Prime Minister Naftali Bennett has reasserted Israel's autonomy to take action against its arch-foe, adding that his country is "not a party to" or "obligated" by the Iran nuclear deal.
Israeli Prime Minister Naftali Bennett has signalled readiness to step up confrontation with Iran and reiterated that his country would not be bound by any new Iranian nuclear deal with world powers.
While his government has previously said it would be open to a new nuclear deal with tougher restrictions on Iran, Bennett on Tuesday reasserted Israel's autonomy to take action against its arch-foe.
"We face complicated times. It is possible that there will be disputes with the best of our friends," he told a televised conference hosted by Reichman University.
"In any event, even if there is a return to a deal, Israel is of course not a party to the deal and Israel is not obligated by the deal."
Stopping short of explicitly threatening war, Bennett said cyber-technologies and what he deemed Israel's advantages as a democracy and international support could be brought to bear.
"Iran is much more vulnerable than is commonly thought," he said.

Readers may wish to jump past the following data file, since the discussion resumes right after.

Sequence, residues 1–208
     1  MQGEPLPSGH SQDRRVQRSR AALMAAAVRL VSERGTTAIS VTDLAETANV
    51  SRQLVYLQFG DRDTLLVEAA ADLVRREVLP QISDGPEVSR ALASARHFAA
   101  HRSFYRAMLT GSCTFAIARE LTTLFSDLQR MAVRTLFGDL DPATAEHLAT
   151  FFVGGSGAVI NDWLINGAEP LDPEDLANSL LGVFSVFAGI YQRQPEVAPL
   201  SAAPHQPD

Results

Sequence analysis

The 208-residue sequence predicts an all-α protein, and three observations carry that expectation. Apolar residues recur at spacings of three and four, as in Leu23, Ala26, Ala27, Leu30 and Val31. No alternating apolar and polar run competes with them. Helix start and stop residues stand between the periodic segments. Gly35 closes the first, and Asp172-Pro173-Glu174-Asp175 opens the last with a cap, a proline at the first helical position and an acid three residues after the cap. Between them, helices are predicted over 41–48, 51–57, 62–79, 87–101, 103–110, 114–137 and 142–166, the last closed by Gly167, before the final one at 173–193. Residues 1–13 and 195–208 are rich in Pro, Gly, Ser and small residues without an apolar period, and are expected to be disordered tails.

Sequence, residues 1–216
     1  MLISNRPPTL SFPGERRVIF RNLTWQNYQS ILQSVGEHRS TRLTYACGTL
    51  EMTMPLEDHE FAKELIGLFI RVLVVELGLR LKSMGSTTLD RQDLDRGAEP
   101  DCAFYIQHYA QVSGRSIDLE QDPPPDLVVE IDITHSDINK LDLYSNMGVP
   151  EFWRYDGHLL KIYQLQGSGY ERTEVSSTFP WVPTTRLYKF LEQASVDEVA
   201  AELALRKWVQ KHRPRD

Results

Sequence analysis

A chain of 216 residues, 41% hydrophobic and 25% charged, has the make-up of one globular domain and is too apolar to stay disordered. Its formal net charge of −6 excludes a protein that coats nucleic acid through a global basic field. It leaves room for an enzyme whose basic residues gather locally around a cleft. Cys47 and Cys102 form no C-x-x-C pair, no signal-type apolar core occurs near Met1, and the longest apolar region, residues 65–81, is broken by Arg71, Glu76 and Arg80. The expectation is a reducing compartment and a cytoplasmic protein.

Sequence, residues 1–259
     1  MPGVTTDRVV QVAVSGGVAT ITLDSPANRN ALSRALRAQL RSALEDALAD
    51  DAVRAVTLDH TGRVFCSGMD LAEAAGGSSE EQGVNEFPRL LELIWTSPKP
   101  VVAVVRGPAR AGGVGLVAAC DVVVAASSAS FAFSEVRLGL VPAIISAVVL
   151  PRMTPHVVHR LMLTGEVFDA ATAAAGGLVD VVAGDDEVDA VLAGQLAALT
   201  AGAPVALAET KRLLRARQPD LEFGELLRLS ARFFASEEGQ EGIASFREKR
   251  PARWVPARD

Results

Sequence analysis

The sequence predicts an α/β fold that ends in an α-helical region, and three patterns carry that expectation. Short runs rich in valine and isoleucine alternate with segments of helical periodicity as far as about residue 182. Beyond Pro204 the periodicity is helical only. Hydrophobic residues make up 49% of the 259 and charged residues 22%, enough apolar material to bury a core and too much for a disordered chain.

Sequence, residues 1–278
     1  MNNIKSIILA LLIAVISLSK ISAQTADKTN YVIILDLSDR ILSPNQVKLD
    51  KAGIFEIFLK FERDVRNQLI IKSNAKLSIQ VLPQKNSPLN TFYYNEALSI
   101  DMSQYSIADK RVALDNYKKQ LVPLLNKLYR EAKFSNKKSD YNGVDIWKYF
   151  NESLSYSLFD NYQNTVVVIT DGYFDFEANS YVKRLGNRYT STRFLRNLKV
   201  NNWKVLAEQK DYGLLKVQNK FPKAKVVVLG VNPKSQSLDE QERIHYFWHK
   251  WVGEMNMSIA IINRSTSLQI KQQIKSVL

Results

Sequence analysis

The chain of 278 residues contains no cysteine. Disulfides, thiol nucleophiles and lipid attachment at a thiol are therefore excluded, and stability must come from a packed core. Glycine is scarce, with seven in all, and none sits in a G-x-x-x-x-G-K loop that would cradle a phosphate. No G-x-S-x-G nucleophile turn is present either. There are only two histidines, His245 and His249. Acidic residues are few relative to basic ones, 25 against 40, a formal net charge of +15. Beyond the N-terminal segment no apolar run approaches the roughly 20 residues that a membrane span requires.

Ahead of nuclear talks
Bennett voiced frustration with what he described as Israel's smaller-scale clashes with Iranian guerrilla allies.
"The Iranians have encircled the State of Israel with missiles while they sit safely in Tehran," he said.
"To chase the terrorist du jour sent by the (Iranian covert) Qods Force does not pay off anymore. We must go for the dispatcher."
Bennett, who took power in June, described Iran in a speech as being at "the most advanced stage of its nuclear programme".
Indirect negotiations will begin on November 29 about reviving the 2015 deal deeming it insufficient to shut down projects with bomb-making potential — a view shared by the Israelis.
Iran, which denies seeking nuclear arms, has since the US walkout breached the deal with expanded uranium enrichment.